What is workplace theft and dishonesty?
Workplace theft and dishonesty may be more prevalent than it seems. It could include more obvious examples such as stealing from the cash register or theft of company product. It could also include conduct employees might consider less severe, such as taking questionable sick days, punching out a bit too late (i.e. "time theft"), or taking home office supplies. Most difficult of all, employees seldom report the offenders, which perpetuates the dishonesty. It is therefore important for employers to actively police this conduct.
Is dishonesty "just cause" for termination?
It used to be that any employee dishonesty would constitute just cause for termination. This is no longer the case - if a court considers the dishonesty to be relatively minor, or there are other mitigating factors, then it may not support a termination for cause.
What should we do if we suspect an employee is dishonest or has committed theft?
First and foremost, contact an experienced employment lawyer, as every situation is different. We typically advise clients to consider the big picture before deciding on the next move. In most cases, you should proceed as follows: (1) question the suspected employee(s); (2) consider whether to investigate further; and (3) consider what remedial action to take.
Why question the suspected employee(s) first?
Many employers find this to be counterintuitive. However, there are several good reasons to question the employee prior to conducting an investigation or taking any action. First, it will force the employee to lock his or her version of events early. The employee may not expect this; they may even be caught off-guard by this move if they do not intend on being honest. If your investigation later uncovers information which contradicts the employee's original story, they will not have an opportunity to explain it away. Third, doing so will show that you, the employer, is taking an honest and earnest approach to the investigation, rather than preparing to ambush the employee with one-sided allegations - a frequently occurring complaint in such circumstances.
When should an employer investigate workplace theft and dishonesty?
When employees lie to protect themselves, the conduct starts to look more like workplace fraud . Naturally, you will want lying employees out of the workplace as soon as possible. However, it can be difficult to know, let alone prove, when an employee is lying. Sometimes, a more thorough workplace investigation is warranted.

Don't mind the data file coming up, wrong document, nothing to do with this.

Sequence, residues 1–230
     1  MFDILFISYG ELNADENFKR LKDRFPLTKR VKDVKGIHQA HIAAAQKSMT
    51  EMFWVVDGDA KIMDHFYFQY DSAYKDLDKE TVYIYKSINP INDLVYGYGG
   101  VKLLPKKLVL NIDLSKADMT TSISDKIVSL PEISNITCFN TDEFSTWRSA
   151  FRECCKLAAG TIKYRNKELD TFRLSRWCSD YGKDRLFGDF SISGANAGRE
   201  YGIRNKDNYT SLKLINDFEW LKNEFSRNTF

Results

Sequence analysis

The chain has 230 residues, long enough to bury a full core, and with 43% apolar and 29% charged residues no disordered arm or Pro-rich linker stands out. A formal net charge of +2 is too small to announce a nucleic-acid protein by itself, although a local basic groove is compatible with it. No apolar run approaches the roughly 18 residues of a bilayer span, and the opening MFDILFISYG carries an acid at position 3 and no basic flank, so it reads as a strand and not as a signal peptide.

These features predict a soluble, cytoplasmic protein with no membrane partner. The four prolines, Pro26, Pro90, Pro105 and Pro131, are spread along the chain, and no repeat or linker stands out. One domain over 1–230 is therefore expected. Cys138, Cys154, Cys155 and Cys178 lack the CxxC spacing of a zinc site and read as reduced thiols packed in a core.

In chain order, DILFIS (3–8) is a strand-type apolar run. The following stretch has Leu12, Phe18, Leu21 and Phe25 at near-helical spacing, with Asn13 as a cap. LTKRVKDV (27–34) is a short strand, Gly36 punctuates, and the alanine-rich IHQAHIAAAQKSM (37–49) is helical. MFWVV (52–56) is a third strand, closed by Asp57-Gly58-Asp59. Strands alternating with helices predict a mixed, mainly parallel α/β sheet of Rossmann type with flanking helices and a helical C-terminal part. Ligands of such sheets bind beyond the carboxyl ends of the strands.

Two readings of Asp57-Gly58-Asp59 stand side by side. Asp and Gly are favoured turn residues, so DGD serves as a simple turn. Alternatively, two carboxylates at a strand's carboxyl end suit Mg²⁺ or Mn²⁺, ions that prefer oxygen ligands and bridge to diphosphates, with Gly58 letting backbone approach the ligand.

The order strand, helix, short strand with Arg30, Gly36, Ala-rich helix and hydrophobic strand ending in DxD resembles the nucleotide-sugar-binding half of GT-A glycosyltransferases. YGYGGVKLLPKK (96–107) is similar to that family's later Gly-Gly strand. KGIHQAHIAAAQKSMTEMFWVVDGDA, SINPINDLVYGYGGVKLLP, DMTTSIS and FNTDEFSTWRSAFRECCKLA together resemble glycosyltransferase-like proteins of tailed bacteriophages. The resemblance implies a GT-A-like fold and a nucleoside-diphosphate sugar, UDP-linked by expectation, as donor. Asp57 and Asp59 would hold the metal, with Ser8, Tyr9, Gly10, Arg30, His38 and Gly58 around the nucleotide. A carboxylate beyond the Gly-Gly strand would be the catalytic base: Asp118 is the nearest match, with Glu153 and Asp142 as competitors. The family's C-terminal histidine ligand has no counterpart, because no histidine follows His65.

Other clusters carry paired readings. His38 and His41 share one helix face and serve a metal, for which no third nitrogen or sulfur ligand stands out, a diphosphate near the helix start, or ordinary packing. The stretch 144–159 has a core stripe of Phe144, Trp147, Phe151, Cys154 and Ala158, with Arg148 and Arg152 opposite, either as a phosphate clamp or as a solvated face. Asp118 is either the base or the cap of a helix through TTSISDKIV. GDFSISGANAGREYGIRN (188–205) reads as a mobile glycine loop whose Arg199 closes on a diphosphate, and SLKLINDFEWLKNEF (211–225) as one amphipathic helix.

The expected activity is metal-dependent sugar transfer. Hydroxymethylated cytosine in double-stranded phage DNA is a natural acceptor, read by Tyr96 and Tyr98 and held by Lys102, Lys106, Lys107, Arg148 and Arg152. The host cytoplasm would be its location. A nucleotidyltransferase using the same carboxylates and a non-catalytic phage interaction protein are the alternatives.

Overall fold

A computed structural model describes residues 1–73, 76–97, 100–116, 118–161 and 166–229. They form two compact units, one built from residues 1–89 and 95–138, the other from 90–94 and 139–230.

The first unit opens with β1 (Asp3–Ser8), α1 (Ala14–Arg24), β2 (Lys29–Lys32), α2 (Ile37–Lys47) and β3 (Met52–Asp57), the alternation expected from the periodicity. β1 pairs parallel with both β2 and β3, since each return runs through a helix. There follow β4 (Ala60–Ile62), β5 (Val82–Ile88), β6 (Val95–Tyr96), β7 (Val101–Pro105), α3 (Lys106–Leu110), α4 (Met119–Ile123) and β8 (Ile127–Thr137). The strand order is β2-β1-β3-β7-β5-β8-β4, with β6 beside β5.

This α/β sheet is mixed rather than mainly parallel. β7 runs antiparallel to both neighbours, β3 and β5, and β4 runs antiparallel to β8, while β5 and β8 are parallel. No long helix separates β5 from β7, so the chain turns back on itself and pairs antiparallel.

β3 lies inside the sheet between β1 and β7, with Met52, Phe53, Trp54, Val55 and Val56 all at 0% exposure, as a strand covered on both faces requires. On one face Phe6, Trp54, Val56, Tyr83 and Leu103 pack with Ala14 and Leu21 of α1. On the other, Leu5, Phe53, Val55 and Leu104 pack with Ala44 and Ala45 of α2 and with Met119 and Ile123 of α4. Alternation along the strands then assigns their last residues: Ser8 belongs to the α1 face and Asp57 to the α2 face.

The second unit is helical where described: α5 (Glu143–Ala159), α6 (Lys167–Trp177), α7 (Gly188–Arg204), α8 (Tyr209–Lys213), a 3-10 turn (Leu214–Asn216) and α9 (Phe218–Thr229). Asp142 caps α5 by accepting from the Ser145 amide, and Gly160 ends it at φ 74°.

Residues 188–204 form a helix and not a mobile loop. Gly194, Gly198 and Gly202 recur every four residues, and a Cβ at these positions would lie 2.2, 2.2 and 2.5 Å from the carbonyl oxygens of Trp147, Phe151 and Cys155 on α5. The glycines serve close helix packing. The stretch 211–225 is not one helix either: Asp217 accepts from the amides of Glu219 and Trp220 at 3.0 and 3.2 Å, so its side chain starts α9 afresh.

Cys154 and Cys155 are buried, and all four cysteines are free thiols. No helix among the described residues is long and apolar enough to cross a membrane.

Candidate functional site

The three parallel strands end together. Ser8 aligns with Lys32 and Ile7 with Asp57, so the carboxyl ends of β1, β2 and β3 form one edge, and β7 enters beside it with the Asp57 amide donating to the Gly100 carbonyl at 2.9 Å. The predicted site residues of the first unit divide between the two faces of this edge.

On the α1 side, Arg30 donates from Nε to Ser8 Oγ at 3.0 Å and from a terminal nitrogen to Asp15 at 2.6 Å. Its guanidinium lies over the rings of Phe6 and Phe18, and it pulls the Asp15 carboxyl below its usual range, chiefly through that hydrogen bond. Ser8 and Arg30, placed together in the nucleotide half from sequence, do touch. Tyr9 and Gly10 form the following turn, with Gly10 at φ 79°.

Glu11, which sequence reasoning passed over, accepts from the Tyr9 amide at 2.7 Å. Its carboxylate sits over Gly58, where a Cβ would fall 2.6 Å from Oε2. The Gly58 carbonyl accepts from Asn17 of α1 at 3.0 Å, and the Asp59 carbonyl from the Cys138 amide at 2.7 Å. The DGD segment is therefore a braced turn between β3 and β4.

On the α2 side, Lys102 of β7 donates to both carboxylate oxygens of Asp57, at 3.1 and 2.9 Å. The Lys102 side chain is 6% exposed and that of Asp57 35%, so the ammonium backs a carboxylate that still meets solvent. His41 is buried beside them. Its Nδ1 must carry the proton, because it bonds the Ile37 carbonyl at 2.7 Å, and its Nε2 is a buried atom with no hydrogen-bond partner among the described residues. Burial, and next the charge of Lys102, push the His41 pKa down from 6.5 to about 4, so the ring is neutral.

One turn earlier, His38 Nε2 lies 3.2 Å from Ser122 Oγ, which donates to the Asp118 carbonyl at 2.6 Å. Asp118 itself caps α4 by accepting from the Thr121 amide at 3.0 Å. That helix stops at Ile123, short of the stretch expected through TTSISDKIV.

What remedial action should be taken?
At the very least, issue a disciplinary letter. The letter should indicate the exact nature of the misconduct and give a clear warning to the employee that further misconduct of the same nature will lead to termination for cause.
If a disciplinary letter would be insufficient, consider whether a suspension without pay is appropriate. Courts have held that this is a justifiable disciplinary response in many circumstances. A suspension without pay serves as a strong warning against future theft and dishonesty and, if the conduct is repeated, provides good support for a subsequent termination for cause.
To terminate for cause or without cause?
Although you may have grounds for a just cause termination, it is not always worth it to proceed in this manner. Alleging just cause can risk aggravating the employee and may increase the likelihood of litigation. If the employee has a relatively short length of service and has signed a lawful employment contract limiting their entitlements, there may be little to no financial cost in terminating the employee without cause.
What can Hyde HR Law do for me?
The lawyers at Hyde HR law are experts in workplace theft and dishonesty. We will help you decide the best course of action, devise a workplace investigation plan, advise you on best practices in addressing the suspected misconduct, and, if necessary, vigorously defend you in subsequent legal proceedings. Contact us today.